A new street sign shows addresses down a small alley in Seoul. (Photo: Jason Strother)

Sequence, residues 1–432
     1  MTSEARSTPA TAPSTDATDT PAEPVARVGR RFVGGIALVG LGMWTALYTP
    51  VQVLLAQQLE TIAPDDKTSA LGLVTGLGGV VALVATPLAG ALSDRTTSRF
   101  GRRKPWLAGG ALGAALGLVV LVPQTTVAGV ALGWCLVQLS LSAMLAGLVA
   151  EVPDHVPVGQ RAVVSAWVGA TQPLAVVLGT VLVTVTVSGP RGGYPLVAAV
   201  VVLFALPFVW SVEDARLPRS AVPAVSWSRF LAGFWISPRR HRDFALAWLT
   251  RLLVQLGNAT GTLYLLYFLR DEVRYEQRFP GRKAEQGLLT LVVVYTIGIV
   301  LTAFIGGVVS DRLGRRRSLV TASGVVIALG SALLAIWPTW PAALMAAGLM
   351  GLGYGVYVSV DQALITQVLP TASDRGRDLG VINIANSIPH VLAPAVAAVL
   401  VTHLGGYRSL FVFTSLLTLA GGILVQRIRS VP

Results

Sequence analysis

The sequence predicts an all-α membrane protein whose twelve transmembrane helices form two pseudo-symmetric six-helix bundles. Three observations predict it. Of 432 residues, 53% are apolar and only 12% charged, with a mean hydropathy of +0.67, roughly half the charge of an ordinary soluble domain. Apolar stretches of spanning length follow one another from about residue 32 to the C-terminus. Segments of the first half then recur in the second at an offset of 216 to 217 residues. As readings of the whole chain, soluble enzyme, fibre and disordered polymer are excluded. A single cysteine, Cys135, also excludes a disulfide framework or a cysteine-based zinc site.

By Jason Strother Around lunchtime, calls start coming in to the Yeong-Hwa-Ru Chinese restaurant. Mr. Han takes orders over the phone for his takeout-and-delivery place. His deliverymen check out street maps pinned up all over the wall before heading off on their motorbikes. Finding the customers can be pretty tricky, especially for new drivers, according to Han. "We start off by sending them to nearby places, really simple directions. Once they get familiar the area, then I'll send them farther away." The problem is South Korea's century-old street address system. It can be so confusing that even longtime residents often carry maps and GPS devices to find their way around. Korea's address system is modeled on Japan's, which assigns addresses chronologically instead of geographically; buildings are numbered according to when they were built, not where they're located on a street. Directions here usually include a list of landmarks, and maps are often printed on the back of business cards. But this complex system will soon be a thing of the past. South Korea's is instituting a new address system that the government says will make it easier and quicker to order takeout, send packages and get help in case of an emergency. The new system is more like those in the West, using a building's number, street name and city, rather than a neighborhood and lot number. Small blue placards featuring new addresses have begun appearing on every building around the country. The government will allow use of both old and new systems until December 2013. After that, the old addresses will be abandoned. Not everyone here is so pleased with the change. Some of the strongest opposition comes from Buddhists. Monks at Seoul's Jogye Temple petitioned the government to hold off on the new system. "In our country there are areas and roads that are closely related to Buddhism," said a monk named To-gyoung. He said the new system drops some neighborhood names that are important to Buddhist tradition. "We feel like we're losing our heritage." "The monks don't oppose the new system in general," said To-gyoung. "They just want the streets and neighborhoods with Buddhist names to be left alone." Officials at South Korea's Ministry of Public Administration and Security, the agency in charge of the new addresses, declined to be interviewed. But a spokeswoman said that the ministry is still working out the kinks. Beyond the monks, many other Koreans aren't so sure if Western-style building numbers will make their lives any better. Taxi driver Hong Jae-do punches an address into his dashboard-mounted GPS navigator. He's still waiting for maps with the new addresses to come out. "I haven't started using the new system yet, so I can't be sure if it really will make a difference. But even when the maps do come out, I'll still use my GPS to find where my customers need to go." 70-year-old Yeon-il, who owns a teahouse in a small alley in one of Seoul's busy tourist neighborhoods, said she's glad to see the old system go. "The old address system did make it hard for people to find my shop – they sometimes walked right by it." But Yeon-il went on to say that there are many small alleys in her neighborhood and all around the country. "If people couldn't find what they were looking for under the old system, they probably won't be able to find it now, no matter what numbers appear by the front door."

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